The probability that a waiting liver transplant candidate will receive a deceased donor liver offer is defined by both allocation and distribution policy. Allocation policy sets the ranking rules for a given set of waiting candidates, and distribution policy determines the group of waiting candidates over which the allocation rules will be applied. In 1999, the Organ Procurement and Transplantation Network (OPTN) required that donor organs be shared across entire regions when a patient meets the most urgent, status 1 criteria. This policy resulted in a significant reduction in wait list deaths for status 1 patients without an adverse effect on other waiting candidates or posttransplantation survival.1 Thus, the combination of high priority and a shift to wider availability of donor organs through mandating regional sharing for these patients significantly improved the waiting list mortality for this high-urgency group.
Recent analyses have looked at some categories within the status 1 designation and found that the mortality risks are not homogeneous and, particularly for patients with non-acetaminophen acute liver failure, mortality risks are better defined by their Model for End-Stage Liver Disease (MELD) score than by other parameters.2
In 2005, the OPTN further refined the status 1 designation to better address pediatric candidates with severe chronic liver disease and defined more stringent criteria by which status 1 patients were categorized. In this policy revision, all patients with acute liver failure, patients with early primary graft failure, and patients with early hepatic artery thrombosis meeting the strict criteria were designated status 1, with pediatric patients meeting severe chronic liver disease criteria categorized as status 1B (http://optn.transplant.hrsa.gov/PoliciesandBylaws2/policies/pdfs/policy_8.pdf for the complete policy). A formal analysis of the effect of this policy on pediatric and adult candidates has not been published to date. This revision of allocation policy, however, illustrates the fact that allocation of donor livers to status 1 candidates does impact patients waiting with chronic liver disease for whom MELD score determined the allocation sequence.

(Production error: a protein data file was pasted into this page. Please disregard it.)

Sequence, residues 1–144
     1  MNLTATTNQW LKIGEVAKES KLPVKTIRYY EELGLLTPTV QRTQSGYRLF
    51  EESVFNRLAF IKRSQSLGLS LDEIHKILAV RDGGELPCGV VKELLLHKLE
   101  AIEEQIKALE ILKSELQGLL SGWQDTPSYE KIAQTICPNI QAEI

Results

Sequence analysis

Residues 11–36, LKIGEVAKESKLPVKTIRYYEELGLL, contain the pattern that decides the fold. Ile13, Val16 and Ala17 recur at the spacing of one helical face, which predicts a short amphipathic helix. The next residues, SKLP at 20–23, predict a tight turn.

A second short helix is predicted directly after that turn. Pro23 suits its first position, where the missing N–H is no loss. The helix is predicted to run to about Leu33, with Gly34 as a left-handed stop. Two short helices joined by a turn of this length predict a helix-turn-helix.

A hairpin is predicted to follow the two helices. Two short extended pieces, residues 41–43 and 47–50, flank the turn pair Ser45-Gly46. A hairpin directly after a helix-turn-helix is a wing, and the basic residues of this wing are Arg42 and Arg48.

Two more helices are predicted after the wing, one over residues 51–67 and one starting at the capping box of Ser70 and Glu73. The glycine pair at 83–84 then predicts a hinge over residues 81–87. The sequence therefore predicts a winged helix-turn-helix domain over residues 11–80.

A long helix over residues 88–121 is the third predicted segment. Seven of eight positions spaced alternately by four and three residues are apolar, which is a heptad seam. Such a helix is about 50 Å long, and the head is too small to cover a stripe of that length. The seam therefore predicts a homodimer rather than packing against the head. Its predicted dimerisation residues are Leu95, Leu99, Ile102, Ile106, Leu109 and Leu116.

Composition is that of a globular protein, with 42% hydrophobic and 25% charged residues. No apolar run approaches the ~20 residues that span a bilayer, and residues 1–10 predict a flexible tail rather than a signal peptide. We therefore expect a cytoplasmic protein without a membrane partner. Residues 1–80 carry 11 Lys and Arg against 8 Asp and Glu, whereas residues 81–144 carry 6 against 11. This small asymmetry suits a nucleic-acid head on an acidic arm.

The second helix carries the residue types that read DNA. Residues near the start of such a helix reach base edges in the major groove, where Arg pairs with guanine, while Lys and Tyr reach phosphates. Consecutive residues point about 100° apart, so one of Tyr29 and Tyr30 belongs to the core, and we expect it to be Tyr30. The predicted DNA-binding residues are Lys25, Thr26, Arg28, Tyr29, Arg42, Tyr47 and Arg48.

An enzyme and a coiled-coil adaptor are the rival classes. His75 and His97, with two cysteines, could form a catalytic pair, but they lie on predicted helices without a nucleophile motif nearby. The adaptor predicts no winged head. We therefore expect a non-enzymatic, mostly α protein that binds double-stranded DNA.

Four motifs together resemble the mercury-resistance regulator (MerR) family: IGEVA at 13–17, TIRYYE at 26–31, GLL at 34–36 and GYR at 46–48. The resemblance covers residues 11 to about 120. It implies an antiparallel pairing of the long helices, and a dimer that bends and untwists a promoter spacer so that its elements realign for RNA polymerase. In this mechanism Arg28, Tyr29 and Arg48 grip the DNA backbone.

In this issue of HEPATOLOGY, Sharma et al., in another of a series of papers on MELD from the Arbor Research Collaborative, used the OPTN database to assess how patients with chronic liver disease prioritized by having similar waiting list and posttransplantation survival probabilities compare with patients listed meeting the 1A criteria.3 The authors found that adults registered as status 1A had a lower wait list mortality risk than patients registered with MELD scores of greater than 40. Moreover, there was no difference in posttransplantation survival among the highest MELD categories and the status 1 patients. They argue, based on their results, that patients with MELD scores greater than 40 should receive the highest priority—higher than the status 1A patients. In contrast to fears that giving patients with MELD scores greater than 40 additional priority would result in significantly poorer posttransplantation outcome, the authors point out that the posttransplantation survival for these extremely ill patients is comparable to status 1 patients while acknowledging that patients undergoing transplantation at these extreme MELD scores are highly selected candidates.